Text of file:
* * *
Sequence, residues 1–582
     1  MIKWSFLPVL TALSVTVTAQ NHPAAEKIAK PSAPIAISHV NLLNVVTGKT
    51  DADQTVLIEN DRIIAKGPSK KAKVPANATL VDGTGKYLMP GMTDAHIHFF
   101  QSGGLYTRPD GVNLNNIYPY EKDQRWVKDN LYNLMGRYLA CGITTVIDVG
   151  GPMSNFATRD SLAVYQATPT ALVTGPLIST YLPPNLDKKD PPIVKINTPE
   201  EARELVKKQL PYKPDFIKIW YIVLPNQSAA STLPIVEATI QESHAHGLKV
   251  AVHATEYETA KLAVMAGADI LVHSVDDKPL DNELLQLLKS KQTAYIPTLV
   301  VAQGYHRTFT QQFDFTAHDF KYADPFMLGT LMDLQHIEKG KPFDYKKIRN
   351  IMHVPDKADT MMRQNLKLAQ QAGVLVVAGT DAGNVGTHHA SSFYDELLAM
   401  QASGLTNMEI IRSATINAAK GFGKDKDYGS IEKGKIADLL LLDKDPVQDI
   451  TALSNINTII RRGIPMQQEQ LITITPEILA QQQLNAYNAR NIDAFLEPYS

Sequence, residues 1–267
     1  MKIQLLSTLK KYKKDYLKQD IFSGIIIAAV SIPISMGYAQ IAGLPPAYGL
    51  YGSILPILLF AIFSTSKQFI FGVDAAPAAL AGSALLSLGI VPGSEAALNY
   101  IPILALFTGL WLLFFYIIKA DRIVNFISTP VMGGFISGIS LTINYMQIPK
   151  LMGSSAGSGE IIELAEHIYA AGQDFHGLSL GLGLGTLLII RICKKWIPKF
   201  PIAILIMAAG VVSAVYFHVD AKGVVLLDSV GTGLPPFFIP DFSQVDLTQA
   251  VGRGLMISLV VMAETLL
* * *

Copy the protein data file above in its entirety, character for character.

Sequence, residues 1–582
     1  MIKWSFLPVL TALSVTVTAQ NHPAAEKIAK PSAPIAISHV NLLNVVTGKT
    51  DADQTVLIEN DRIIAKGPSK KAKVPANATL VDGTGKYLMP GMTDAHIHFF
   101  QSGGLYTRPD GVNLNNIYPY EKDQRWVKDN LYNLMGRYLA CGITTVIDVG
   151  GPMSNFATRD SLAVYQATPT ALVTGPLIST YLPPNLDKKD PPIVKINTPE
   201  EARELVKKQL PYKPDFIKIW YIVLPNQSAA STLPIVEATI QESHAHGLKV
   251  AVHATEYETA KLAVMAGADI LVHSVDDKPL DNELLQLLKS KQTAYIPTLV
   301  VAQGYHRTFT QQFDFTAHDF KYADPFMLGT LMDLQHIEKG KPFDYKKIRN
   351  IMHVPDKADT MMRQNLKLAQ QAGVLVVAGT DAGNVGTHHA SSFYDELLAM
   401  QASGLTNMEI IRSATINAAK GFGKDKDYGS IEKGKIADLL LLDKDPVQDI
   451  TALSNINTII RRGIPMQQEQ LITITPEILA QQQLNAYNAR NIDAFLEPYS

Sequence, residues 1–267
     1  MKIQLLSTLK KYKKDYLKQD IFSGIIIAAV SIPISMGYAQ IAGLPPAYGL
    51  YGSILPILLF AIFSTSKQFI FGVDAAPAAL AGSALLSLGI VPGSEAALNY
   101  IPILALFTGL WLLFFYIIKA DRIVNFISTP VMGGFISGIS LTINYMQIPK
   151  LMGSSAGSGE IIELAEHIYA AGQDFHGLSL GLGLGTLLII RICKKWIPKF
   201  PIAILIMAAG VVSAVYFHVD AKGVVLLDSV GTGLPPFFIP DFSQVDLTQA
   251  VGRGLMISLV VMAETLL